In the opening scene of Shaunak Sen's documentary, Cities of Sleep, we hear the clink of a watchman's stick on the wide boulevards of Central Delhi. The streets are empty, save a lonely dog. Cities of Sleep does away with romantic notions of the homeless improvising a makeshift bed in random parks and passageways. We are about to see how sleep, upheld by the Indian Supreme Court as a fundamental right, comes to be regulated by hierarchies of private property, turf-lords, and the state. Cities of Sleep captures the half-awake, somnolent daze through which a man named Shakeel navigates this complex nocturnal economy. To sleep while homeless in Delhi is to enter relations of financial and social debt.
The film brings an intent humanistic gaze to Shakeel and his nightly wanderings. The viewer wonders how the camera and Shakeel bonded in the first place. Compared to other men in the film who are almost poetic in their alertness, their bodies yoked to labour, Shakeel brings an indifferent, perfunctory attitude to his ongoing task of begging for money and foraging for sleep. The camera follows Shakeel, often seen wearing a secondhand woman's coat, to an open-air sleepers' market. The market is run by the charismatic turflord , Jamaal Bhai. Although he first appears as a simple chaiwallah, we find out that Jamaal oversees the nightly dealings of charpais, or woven cots, in the sleeping colony, along with his strongmen who keep order, collect dues, and when needed, evict sleepers. In Jamaal's company and amid the lights and music of the market, Shakeel must deploy his limited powers of persuasion. He has no special talent, such as reciting poetry or playing instruments — the skills other men use to negotiate an affordable bed. Rather, most of Shakeel's sleep is gotten on credit through persistent nagging. This is not the quintessential "hand to mouth" existence. Rather, it is bare subsistence, and one that quickly mounts into debilitating debt.
The camera tracks over Shakeel's shoulder. We see him roam through a mass of bodies under red blankets (the sleepers' market at Meena Bazaar accommodates up to 5,000 men), into Jamaal's familiar but fickle company, where, after a cup of tea, he is turned away. He trails to a nearby government shelter. Its gatekeepers, a streetwise and compassionate crew of men, peer into a large registry. They can make room. But order is a problem in this tightly enclosed den of bodies. Even under the glare of tubelights, someone loses their money and accuses Shakeel of theft, driving him away.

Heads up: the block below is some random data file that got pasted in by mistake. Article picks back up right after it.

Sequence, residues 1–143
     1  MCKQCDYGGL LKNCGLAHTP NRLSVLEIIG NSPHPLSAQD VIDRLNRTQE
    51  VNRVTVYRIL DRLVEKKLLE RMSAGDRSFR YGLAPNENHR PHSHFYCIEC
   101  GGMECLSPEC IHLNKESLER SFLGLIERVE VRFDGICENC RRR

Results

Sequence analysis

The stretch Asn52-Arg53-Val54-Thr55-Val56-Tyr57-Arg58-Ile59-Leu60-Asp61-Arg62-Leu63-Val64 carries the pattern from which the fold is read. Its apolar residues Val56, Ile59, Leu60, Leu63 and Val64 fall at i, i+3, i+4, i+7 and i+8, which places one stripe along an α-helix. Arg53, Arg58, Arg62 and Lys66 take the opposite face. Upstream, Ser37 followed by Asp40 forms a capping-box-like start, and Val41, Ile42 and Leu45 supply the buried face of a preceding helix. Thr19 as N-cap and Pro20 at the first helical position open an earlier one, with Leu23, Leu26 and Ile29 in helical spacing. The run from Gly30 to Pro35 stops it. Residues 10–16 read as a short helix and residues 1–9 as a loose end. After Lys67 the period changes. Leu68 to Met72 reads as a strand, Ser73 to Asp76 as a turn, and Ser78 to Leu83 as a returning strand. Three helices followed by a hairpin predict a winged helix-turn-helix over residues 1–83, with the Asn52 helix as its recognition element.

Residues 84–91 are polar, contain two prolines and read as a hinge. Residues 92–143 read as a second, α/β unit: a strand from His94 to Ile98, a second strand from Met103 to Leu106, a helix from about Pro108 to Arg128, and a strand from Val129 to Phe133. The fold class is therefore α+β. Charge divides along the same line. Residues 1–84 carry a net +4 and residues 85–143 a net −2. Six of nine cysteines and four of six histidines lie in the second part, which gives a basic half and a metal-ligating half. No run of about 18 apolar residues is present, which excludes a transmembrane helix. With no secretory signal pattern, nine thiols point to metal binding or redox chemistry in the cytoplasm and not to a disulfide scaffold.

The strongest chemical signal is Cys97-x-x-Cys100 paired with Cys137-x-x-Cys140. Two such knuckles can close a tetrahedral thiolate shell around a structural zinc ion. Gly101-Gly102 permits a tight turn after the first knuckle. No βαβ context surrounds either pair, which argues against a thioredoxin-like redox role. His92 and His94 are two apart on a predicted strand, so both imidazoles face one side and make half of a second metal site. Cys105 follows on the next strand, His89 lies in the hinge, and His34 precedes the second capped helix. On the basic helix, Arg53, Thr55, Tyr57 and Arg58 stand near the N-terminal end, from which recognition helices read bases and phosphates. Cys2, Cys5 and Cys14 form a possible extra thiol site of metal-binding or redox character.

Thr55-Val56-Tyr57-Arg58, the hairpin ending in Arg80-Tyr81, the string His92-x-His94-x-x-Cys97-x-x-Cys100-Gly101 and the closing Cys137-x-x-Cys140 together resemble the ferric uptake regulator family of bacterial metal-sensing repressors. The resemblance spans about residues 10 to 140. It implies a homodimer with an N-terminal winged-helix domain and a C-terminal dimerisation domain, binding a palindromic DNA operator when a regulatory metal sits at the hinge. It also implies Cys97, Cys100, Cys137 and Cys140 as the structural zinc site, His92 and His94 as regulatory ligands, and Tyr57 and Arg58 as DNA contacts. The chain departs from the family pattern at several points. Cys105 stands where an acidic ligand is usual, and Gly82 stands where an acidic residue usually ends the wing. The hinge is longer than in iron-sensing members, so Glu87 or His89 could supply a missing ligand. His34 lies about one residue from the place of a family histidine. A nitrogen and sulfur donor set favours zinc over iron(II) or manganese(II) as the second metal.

Despite his ongoing struggles with fatigue, Shakeel finds mirthful moments. In one scene, the lo-fi, dim view of the camera shows Shakeel celebrating a birthday with friends. He cuts a cake and dances to Hindi songs. This is the calm before the literal storm. Cinematic tension is building with the imminent arrival of the winter rains. Jamaal and his men are unable to keep the beds dry, the government shelter overfills, and the sleepers become dangerously vulnerable to illness.
Balancing the one-man focus, the filmmakers introduce a parallel plot in which we see the operations of the "night theatre" — a makeshift cinema constructed under the colonial-era Loha Pul, or Iron Bridge, of Delhi, where migrant working-class men, for a few rupees, watch films intermittently with sleep. Here, the use of a wide-angle and graded perspective reveals an entire ecosystem of human and material life — a bridge riveting under traffic, and the din of daily activities such as men bathing in the Yamuna and hanging sheets to dry. The geometry of the bridge — its many sharp trusses, long beams, and low-lying piers — provides a formal, stable energy for the scenes; a contrast from the seemingly chaotic and capricious Meena Bazaar. The striking architecture of the bridge recalls Walter Benjamin's description in the Arcades Project of iron as a social-revolutionary material. The deep recesses of iron architecture, for a part of history, were accessible only to engineers and workers. In Cities of Sleep, it is not the working class, but a more precarious, floating labour class that resides within the intimate architecture of the bridge, accessing its wonders and affordances of space. No wonder Loha Pul is a visual fixation in the film. It houses nearly 900 sleepers while providing a skeleton for light, air, and views of the river to filter through.